This section is from the book "General Outline Of The Organization Of The Animal Kingdom, And Manual Of Comparative Anatomy", by Thomas Rymer Jones. Also available from Amazon: A General Outline of the Animal Kingdom and Manual of Comparative Anatomy.
* Vide Dr. Williams's Report on the British Annelida, in the Reports of the British Association for the Advancement of Science for 1851.
(579). While, however, the peripheral segment of the vascular system in the Leech exhibits proofs of great complexity, the main currents of the blood obey two leading directions. If the body of the worm be longitudinally bisected by an imaginary horizontal plane into a dorsal and ventral semicylinder, then the blood in the primary trunks of the dorsal half will move from the tail towards the head, and in the ventral half from the head towards the tail: this movement prevails equally in the great longitudinal trunks of the integuments and alimentary canal. The transverse or circular movement of the blood is performed by means of branches which run between the main longitudinal vessels: this latter system is divisible into as many portions as there are rings in the body of the worm: each segment of the body under this arrangement has its own independent circulation, transverse and longitudinal. Thus the currents describe two excentric ellipses, cutting each other at right angles. Of course, the segmental divisions of the general system communicate with each other at every part, while the longitudinal trunks are common to all the segments.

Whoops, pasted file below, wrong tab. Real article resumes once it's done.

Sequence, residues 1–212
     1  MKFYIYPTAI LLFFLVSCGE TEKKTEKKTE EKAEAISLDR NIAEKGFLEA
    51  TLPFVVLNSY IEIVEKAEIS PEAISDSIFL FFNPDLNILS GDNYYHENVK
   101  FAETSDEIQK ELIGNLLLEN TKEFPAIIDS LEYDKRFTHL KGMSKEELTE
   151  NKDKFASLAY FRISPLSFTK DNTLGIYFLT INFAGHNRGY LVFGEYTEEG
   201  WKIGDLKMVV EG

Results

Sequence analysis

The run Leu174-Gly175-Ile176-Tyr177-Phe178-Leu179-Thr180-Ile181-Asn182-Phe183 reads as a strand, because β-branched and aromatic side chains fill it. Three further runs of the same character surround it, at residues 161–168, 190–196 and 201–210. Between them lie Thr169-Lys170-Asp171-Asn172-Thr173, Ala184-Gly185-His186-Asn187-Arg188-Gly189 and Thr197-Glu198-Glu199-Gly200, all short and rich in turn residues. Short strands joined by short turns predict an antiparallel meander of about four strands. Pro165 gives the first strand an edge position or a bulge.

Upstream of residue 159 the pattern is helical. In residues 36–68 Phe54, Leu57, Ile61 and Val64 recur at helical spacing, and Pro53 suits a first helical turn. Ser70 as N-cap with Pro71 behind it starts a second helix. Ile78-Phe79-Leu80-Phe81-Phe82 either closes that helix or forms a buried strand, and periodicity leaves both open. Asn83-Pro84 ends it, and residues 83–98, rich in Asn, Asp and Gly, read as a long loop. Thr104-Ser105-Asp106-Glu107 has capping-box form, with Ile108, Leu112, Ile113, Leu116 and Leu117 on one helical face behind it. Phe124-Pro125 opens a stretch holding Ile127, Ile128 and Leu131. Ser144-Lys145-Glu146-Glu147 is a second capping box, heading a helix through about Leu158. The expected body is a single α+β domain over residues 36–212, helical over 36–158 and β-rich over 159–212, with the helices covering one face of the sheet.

From this description it is manifestly impossible that a distinction of venous and arterial blood can exist in the circulating fluid of this Annelid; in every part of the circumference of each ring the blood is being arterialized as it is being rendered venous; the two opposite processes proceed simultaneously in the same capillary system. The blood must be, therefore, as arterial and as venous at one and the same time in the dorsal as in the ventral trunks; notwithstanding, the dorsal main is recipient, the ventral distributive of the blood: all the secondary currents converge upon the former, and emanate from the latter; the blood in both is nevertheless identical in physiological properties.